Why it’s good to get bored

During the day you’re always busy doing something; working, running errands, cooking etc. And when you’re writing, your mind is also active. You’re thinking about plot line and characters, how the story should develop, how to market your book…

It’s hard to be bored nowadays. When there’s nothing to do, you still reach for your phone or tablet, or distract yourself by doing something. You don’t really ever sit down and look out the window to let your mind wander. And that means on the one hand you can organize your time, always increase your productivity and utilize your time at the optimum level. Even when you relax, you watch tv or read a book or have a conversation, but you don’t stare outside and see where your mind goes. On the other hand, by always doing something with your time, you don’t let your brain entertain itself by forcing you to be bored.

I believe that being bored is important. I believe we should take the time to stare into the air and wait for our minds to wander. And the reason for this is creativity. Because when you’re bored, that’s when your creativity switches on. Connections are formed that you wouldn’t have predicted otherwise and you can have brilliant ideas.

So even if it looks like you’re wasting your time, you’re actually letting your mind work in the background. And there’s a way you can potentially influence in which direction your mind wanders. When I was studying in school I used to quickly revise one last time before going to bed on the evening before a test, so it would be the last thing on my mind before sleeping and I would hopefully remember it better in the morning. It meant that I would dream about the subject as well. Using this, when I effectively force myself to get bored, I always start by thinking about the books I’m writing. And as time passes, my mind wanders in random directions, but at least I’ve started with my books so hopefully I can then trigger some great ideas.

Have you tried this as well? Do you get bored? And how do you “use” your time when you’re bored?

How do I bring characters to life?

Most characters in When Colour Became Grey are based on real people. They may not be based on people I know personally, but they are based on people that exist. Some characters are built on fictional characters from tv shows or movies, or a mash-up of several people, but I don’t ever use the same visual traits of a given person and their name. I doubt anyone would be able to pinpoint who any of my characters are based on and I prefer to keep it that way.

[Don’t use a real person that exists and use their name as well (in fiction). This opens you up to possible legal issues, especially if you display the person in a bad light and it’s recognizable who you’re talking about! I would also advise against copying fictional characters like for like. You can use other people’s work to get inspiration, but don’t flat-out copy-paste it.]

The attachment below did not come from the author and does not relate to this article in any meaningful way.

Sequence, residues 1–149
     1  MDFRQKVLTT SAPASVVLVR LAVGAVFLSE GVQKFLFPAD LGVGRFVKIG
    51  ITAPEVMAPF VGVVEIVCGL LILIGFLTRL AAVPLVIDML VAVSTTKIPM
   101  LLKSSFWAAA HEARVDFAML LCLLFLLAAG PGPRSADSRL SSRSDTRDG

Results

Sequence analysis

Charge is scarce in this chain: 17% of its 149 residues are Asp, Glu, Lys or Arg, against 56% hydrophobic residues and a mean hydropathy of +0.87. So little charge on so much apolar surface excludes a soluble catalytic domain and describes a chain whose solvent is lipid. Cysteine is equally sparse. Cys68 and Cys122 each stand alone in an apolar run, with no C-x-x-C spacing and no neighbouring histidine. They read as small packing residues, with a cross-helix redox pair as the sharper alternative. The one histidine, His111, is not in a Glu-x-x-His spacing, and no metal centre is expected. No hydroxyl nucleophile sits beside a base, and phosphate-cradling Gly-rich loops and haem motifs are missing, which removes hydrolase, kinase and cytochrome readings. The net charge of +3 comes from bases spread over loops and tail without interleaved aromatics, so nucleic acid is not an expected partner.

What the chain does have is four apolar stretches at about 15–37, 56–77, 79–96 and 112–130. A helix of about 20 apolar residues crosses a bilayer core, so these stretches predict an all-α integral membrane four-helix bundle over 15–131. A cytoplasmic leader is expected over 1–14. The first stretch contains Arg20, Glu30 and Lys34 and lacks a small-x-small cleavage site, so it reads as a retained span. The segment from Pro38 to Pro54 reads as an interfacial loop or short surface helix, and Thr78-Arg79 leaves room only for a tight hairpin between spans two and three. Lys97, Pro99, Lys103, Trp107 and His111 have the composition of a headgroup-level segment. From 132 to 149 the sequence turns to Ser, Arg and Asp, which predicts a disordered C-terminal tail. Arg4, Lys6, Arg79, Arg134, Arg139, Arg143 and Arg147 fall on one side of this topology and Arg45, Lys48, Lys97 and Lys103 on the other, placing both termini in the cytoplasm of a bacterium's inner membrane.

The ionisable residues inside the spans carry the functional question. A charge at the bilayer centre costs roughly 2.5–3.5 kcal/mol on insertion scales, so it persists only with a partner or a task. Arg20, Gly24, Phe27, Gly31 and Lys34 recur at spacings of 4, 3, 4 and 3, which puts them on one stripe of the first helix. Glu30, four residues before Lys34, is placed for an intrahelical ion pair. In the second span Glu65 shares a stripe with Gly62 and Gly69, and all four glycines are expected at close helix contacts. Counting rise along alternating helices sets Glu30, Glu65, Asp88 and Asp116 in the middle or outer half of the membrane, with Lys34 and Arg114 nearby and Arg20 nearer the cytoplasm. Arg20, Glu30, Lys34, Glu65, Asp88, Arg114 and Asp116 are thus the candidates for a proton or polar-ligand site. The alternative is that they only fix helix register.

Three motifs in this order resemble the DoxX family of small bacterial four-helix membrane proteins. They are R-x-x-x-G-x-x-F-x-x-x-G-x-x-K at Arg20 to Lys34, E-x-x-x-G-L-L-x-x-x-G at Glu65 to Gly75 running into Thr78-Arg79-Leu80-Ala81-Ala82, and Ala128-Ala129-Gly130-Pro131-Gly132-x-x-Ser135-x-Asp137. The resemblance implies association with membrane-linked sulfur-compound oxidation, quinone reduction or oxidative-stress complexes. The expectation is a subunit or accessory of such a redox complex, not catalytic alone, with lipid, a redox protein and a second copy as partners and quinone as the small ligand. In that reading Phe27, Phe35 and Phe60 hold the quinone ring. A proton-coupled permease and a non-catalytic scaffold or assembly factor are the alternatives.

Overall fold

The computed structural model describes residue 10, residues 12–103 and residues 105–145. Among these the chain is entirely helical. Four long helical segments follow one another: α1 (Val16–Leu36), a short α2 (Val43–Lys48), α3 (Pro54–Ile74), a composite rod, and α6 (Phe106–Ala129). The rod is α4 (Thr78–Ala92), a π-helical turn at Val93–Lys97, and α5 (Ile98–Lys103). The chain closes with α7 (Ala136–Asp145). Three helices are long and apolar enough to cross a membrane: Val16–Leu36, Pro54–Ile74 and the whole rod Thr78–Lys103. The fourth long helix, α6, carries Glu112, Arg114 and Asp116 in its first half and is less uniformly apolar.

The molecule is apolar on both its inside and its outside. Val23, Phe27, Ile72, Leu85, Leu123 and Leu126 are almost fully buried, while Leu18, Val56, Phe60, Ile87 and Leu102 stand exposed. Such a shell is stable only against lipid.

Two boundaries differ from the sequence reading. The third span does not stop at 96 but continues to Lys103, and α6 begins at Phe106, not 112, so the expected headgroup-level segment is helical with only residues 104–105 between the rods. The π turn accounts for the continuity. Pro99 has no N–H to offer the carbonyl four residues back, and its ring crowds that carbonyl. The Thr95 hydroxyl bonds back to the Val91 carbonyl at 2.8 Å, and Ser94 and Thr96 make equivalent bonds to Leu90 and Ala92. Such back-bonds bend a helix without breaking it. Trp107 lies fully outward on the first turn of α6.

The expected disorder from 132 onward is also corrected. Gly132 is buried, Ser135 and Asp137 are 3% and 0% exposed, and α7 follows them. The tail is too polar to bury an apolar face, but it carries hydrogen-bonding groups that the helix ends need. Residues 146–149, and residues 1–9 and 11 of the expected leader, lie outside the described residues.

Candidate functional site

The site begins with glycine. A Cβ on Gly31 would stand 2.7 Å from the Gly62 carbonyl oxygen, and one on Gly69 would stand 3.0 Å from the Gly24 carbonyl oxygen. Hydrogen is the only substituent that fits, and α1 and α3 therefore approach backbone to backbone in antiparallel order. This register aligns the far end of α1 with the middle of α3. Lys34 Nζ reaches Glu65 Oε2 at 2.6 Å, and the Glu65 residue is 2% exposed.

For me to be able to give life to a character I need to visualize them, especially their face. If I can’t draw inspiration from anyone I know, I will google faces or names. It’s a great way to also get inspiration; seeing a face can trigger your imagination and make you create a character you may not even have thought of before.

That is how I visually choose a character. Their behavior or personality trait is not based on that same person. If I see a face I don’t know, it’s easy to assign them character traits. For people I know it’s harder to dissociate their real personality from the one I want to create for the book. So I often spend time with the characters outside of my book to get to know them.

I can still keep writing in the book, but I will leave the reactions and intensity of the characters to a minimum until I have fleshed them out. And when I can’t write (I’m commuting, cleaning, etc.), I “spend time” with the characters. I imagine what they’re like at home when they’re alone, when they are stressed or scared, how they react when they’re angry or challenged. I also imagine how they would interact with other characters of my book; if you look at yourself, you don’t always act the same depending on who you’re speaking with and I try to recreate that dynamic with my characters.

I might be the one giving them life in the beginning, but they develop a life of their own. Wherever I want the story to go and however I want the characters to interact, is not always up to me. Sometimes I have decided what will happen in the book in a scene, but I realize it doesn’t fit the personality of the character. And then I need to adjust the story to fit the characters.

By doing this, the story often improves because it doesn’t go as I had planned it, and often when you plan a story it can be too linear, too perfect, too predictable and boring. It makes the characters also come to life and not be two-dimensional. They are part of the story and should have their space in the story, not just be part of the decor and ready to nudge the plot on, as and when needed in the direction you want it to go.

If you think of the story you want to tell, not only from the main character’s point of view, but also from other character’s point of view, you may see an angle that could be interesting to explore. How are your characters reacting throughout the story and why? Does it fit with the story itself? If the main character is evolving over the course of the story, are the side-characters also evolving? Does a dramatic occurrence such as a death only influence the main character, or does it spill over into other characters?